The site also published a letter from a Syrian gay who claimed, “I think
the gays in the Middle East sure need protection.” In his fascinating
letter, the man wrote about gay life in Syria. “These days”, he wrote,
“I think that it’s quite open when compared to other Arab or Islamic
countries. But, we do not have any rainbow flagged businesses, or special gay
bars or restaurants that we can meet other gays to be social, to talk, to make
friends”. He explained that it is possible to meet someone “in the street,
in a public place, or in a park”, adding “this is only for sex—not for
friendship. I really hate that”.
He further explained what happens when Syrian police spot these people.
“Meeting people in the street or in the park can be dangerous”, he warned.
“Sometimes the police come and if the guys are doing anything “out of the
ordinary” like dancing to music, kissing or looking “too gay”—the
police take them for a while”.
GLAS, which stands for Gay and Lesbian
Arabic Society is a US-based organization which aims “to promote
positive images of gays and lesbians in Arab communities worldwide, in
addition to combating negative portrayals of Arabs within the gay and lesbian
community.” They serve as a networking organization for Gays and Lesbians of
Arab descent or those living in Arab countries.
In addition, they provide a support network for their members while
fighting for human rights wherever they are oppressed.
The purpose of Ahbab site, which
refers to itself as “the online community for Queer Arabs worldwide”, is
to help the homosexual community communicate, network and stay in touch within
Arab communities all over the world. In the site, one can find a wide-range of
news, articles, and other services.
According to the site, on the political level, they continue to witness and
protest abuse in various Arab countries, especially in Lebanon and Egypt. It
reports how gays in Beirut marched in anti-war demonstrations waving Rainbow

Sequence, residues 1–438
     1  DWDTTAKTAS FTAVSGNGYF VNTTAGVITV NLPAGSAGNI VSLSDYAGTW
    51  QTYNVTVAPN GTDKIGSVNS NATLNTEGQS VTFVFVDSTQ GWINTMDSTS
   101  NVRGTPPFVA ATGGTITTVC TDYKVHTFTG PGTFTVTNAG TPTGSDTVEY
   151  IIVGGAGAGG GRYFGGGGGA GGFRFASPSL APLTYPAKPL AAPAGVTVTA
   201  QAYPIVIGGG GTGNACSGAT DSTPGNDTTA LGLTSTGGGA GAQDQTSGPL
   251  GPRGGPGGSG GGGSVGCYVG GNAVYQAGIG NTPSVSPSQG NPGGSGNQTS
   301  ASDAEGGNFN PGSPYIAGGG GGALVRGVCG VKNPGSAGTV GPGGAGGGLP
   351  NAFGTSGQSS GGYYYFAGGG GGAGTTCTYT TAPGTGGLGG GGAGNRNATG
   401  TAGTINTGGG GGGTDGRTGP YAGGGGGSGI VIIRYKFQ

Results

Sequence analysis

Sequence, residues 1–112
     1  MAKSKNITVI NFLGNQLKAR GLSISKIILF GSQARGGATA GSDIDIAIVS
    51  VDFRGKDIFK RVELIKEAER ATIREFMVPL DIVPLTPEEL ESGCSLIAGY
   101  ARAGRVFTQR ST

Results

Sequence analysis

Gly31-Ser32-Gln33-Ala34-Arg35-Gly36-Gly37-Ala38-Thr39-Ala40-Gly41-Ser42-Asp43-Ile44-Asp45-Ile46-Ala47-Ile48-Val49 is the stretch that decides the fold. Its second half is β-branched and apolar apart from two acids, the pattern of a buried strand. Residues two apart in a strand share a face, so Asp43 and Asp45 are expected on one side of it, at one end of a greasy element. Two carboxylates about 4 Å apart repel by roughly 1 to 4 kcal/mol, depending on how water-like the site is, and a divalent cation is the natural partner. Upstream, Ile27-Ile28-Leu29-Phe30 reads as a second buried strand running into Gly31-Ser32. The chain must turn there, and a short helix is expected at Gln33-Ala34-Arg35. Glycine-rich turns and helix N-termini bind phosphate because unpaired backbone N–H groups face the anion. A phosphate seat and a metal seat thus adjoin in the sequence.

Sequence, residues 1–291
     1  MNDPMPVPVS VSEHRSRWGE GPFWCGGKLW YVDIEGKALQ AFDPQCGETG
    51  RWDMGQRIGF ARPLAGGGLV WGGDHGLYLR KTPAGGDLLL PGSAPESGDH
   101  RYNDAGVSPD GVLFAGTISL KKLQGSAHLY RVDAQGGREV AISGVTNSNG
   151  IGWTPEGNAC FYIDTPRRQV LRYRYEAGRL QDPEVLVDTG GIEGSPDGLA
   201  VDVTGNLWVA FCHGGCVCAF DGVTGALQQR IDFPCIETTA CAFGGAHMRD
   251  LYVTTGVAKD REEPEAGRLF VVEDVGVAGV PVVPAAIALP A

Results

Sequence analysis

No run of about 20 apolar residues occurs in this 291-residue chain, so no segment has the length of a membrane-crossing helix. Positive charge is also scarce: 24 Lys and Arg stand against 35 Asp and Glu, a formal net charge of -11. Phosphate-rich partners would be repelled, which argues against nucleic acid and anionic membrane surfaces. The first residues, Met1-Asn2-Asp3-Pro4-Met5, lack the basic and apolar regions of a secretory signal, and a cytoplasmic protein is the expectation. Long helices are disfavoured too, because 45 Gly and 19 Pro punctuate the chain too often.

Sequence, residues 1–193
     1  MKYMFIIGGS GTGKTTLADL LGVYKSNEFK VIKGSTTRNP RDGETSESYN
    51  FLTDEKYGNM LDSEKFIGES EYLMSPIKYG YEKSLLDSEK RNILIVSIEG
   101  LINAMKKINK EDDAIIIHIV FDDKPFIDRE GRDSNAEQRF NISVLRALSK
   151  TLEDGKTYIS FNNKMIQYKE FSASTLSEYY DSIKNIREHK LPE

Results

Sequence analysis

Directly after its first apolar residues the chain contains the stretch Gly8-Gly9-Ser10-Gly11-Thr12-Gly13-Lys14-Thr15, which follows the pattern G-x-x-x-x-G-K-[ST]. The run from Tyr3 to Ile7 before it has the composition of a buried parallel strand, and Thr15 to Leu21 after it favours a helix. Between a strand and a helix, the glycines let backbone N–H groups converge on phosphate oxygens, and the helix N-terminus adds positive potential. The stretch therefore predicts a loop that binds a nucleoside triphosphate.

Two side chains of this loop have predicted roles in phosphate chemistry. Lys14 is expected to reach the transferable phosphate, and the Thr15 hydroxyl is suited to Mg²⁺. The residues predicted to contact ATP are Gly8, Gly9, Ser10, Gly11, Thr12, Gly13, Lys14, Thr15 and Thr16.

flags and days later, a popular Gay nightclub in that city was raided.
In Egypt’s capital of Cairo, the site says, arrests and jailing of gays
continues despite an outcry by global activist groups and members of the
American congress. Homosexuality is not explicitly prohibited under Egyptian
law, but statutes are based on Sharia (Islamic law), which condemn it as an
It further reports that in spite of obstacles, there is a renewed feeling
of activism in the community, as people are reaching out to each other in an
effort to empower one another. The notion that Arab gays and lesbians have
been trying to support one another is widely felt throughout all the Arab gay
In Lebanon, the law says that having sexual relations of this sort
contradicts the “laws of nature” and the penalty for such behavior can be
up to one year in jail. In Qatar, for instance, one can be sent to five years
In Saudi Arabia, the penalty for convicted homosexuals is death.
Executions, in the form of public beheadings are carried out in the oil-rich
kingdom. Iran also applies the death penalty for such cases.
At gayarab.org, one can engage in live
chat with other gay Arabs and friends. The owners of the site state that they
have served as an inspiration for other channels to serve the homosexual
community and claim that as of today, there are several IRC (Internet Relay
Chat) channels, mail lists and websites which serve the gay Arab community.